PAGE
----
U.S. dollar gains have been extended for the third session. The euro has been sold down to almost $.1.30 after testing $1.33 on Wednesday. More stale longs may be forced out on a break of $1.2985, which corresponds to a 50% retracement of the advance from the mid-Nov low near $1.2660 and the 50-day moving average.
Sterling's decline is even more dramatic. It has come off hard since setting a 17-month high on Wednesday near $1.6380. It has now been pushed below $1.6040, which the 61.8% retracement of its rally from mid-Nov low near $1.5830. Sterling has also slipped below the 50 and 100-day moving averages for the first time in seven weeks.
The main data in Europe was the service sector PMI. The headline confirmed the five month high of the 47.8 flash reading. However, both the German and French reading came in below their flash reports. Germany at 52.0 rather than 52.1 and France at 45.2 rather than 46.0. The counter-balancing upside surprises came from Italy (45.6 up from 44.6 in Nov and 45.0 expected) and Spain (44.3 from 42.4 and forecasts of 42.8). Yet even this should be kept in perspective. Spain and Italy headline service PMI have not been above the 50 boom/bust level for more than a year.
The U.K.'s CIPS service PMI was as large a disappointment as the manufacturing PMI earlier in the week was a pleasant surprise. The 48.9 reading contrasts with forecasts for 50.5 and the 50.2 reading in Nov. It is the fourth consecutive month in which the headline has been lower. New business is at a two year low. The risk is that after the expansion in Q3, the U.K. economy contracted anew in Q4. At the same time, preliminary reports suggest the funding for lending scheme is easing the supply of credit and fear that the U.K. suffers from weak productivity more than the lack of aggregate demand (which could make further easing more inflationary than stimulative, a la the BOE's Weale) means that there is unlikely to be a policy response to the new evidence of economic weakness.
Meanwhile, the greenback has pushed to new highs against the yen, moving above the JPY88 level in late Asia and holding above it in the European morning. The Nikkei re-opened for the first time in the new year to post a strong 2.8% gain. Japanese government bonds slumped with the 10-year yield rising almost 4 bp to 0.825%, the highest level in more than three months.
The 30-year bond yield rose to almost 2%, its highest level in more than a year. Yet, given the magnitude of the yen's decline and prospect for more to come, and the policy thrust of the new government, it is surprising yields have not risen more. Japan will auction a total of JPY3 trillion of 10- and 30-year bonds next week and some of the weakness today may be related to deal position adjusting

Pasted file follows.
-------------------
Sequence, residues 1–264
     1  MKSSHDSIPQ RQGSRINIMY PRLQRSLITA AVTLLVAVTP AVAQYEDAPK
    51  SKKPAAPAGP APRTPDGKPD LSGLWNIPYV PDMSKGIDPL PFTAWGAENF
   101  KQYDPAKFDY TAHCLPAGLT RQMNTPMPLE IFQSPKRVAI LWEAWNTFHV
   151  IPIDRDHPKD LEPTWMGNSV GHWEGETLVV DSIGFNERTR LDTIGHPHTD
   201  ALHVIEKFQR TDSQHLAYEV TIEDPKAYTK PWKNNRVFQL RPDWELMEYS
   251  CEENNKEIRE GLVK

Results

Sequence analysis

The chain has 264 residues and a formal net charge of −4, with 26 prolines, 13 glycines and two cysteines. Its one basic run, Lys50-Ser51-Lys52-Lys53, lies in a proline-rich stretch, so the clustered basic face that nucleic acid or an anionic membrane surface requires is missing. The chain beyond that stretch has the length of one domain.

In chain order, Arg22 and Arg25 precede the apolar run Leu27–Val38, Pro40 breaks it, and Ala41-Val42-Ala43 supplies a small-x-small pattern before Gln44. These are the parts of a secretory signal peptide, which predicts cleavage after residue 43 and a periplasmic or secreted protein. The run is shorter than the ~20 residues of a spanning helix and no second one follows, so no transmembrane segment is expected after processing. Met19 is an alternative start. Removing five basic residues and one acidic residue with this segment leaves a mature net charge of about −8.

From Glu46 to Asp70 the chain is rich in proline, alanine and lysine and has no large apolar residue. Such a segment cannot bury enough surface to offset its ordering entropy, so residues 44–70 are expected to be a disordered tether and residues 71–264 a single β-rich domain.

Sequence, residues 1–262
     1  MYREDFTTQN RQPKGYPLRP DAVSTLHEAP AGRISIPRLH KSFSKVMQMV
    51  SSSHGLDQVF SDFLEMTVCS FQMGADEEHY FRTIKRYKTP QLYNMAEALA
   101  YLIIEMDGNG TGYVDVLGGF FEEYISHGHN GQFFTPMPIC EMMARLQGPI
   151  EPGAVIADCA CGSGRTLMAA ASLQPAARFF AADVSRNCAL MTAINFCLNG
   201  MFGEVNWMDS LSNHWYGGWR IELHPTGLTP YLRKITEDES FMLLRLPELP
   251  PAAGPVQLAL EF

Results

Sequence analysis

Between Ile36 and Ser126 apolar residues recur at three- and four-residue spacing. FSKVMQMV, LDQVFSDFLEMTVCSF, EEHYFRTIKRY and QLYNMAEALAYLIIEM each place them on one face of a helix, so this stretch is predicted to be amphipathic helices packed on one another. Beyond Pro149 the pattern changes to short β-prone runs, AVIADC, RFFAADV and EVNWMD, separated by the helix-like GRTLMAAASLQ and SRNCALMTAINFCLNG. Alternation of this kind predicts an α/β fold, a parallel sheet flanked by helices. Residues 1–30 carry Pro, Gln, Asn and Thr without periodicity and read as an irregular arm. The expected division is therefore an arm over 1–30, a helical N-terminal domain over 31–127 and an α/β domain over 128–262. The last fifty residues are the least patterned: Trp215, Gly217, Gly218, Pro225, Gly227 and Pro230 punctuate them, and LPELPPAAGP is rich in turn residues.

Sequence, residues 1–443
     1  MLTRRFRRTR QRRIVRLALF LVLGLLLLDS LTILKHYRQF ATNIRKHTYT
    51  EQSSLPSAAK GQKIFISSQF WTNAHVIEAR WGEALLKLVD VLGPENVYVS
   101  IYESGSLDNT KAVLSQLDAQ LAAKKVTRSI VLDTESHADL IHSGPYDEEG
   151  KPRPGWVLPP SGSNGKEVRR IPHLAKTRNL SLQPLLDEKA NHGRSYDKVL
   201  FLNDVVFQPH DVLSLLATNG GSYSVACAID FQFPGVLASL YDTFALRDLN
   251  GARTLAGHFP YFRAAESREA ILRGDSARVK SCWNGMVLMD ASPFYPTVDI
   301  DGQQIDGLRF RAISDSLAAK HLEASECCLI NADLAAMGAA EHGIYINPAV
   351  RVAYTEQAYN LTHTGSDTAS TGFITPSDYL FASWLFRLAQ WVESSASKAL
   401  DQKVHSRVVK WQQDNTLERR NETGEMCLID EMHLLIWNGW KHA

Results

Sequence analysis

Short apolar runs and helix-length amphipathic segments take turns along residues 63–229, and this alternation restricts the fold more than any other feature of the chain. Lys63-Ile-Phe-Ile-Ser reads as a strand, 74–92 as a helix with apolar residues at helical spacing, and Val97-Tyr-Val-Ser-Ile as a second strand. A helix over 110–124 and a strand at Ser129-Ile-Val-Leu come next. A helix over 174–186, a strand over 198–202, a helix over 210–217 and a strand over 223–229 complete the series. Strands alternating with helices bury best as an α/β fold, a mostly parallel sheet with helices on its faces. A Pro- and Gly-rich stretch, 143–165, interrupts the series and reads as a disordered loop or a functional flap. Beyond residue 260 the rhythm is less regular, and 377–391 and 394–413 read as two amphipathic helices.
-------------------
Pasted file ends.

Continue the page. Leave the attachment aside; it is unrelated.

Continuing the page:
Many market participants seemed to emphasize the wrong part of the FOMC minutes. The key take away is not that there is some disagreement among the members about the duration of QE. Instead, the key point is that the Fed is committed to expanding its balance sheet by buying more than $1 trillion of MBS and Treasuries in 2013 ($85 bln a month). We note that from the Fed's perspective, the stock of its holdings of long-term assets is the key to its effective not the flow of purchases.
Moreover, its macro-economic guidance indicates that in will not raise interest rates until after unemployment falls below 6.5%, provided core PCE stays below 2.5%. Plugging these macro-economic conditions into a Taylor-like model underscores the dovishness of the Federal Reserve. On top of that, the composition of the FOMC, with new regional presidents rotating, tilts a bit more in the dovish direction.
The economic highlight of the day is the U.S. jobs report. In addition to the usual acknowledgements that this is among the most difficult high frequency data points to forecast, we share the following observations: 1) Many revised up their estimates following the stronger than expected ADP report. This means the 150k consensus is probably on the low side of expectations 2) Initial jobless claims during the survey period were a little higher and small business survey was cautious. ISM for manufacturing rose back above 50. 3) ADP is not a good predictor on a monthly basis, though it tracks trends fairly well. 4) This is especially true for the month of December, where ADP has over-stated the first BLS estimate by an average of almost 150k in the past two years. 5) Uncertainty surrounding the fiscal cliff did not seem to weigh on hiring decisions. Private sector job growth in the Sept-Nov period was essentially no different than the prior three month period. 6) Net private sector job growth averaged about 151.5k in the first eleven months of 2012. This compares with 153k monthly average in 2011.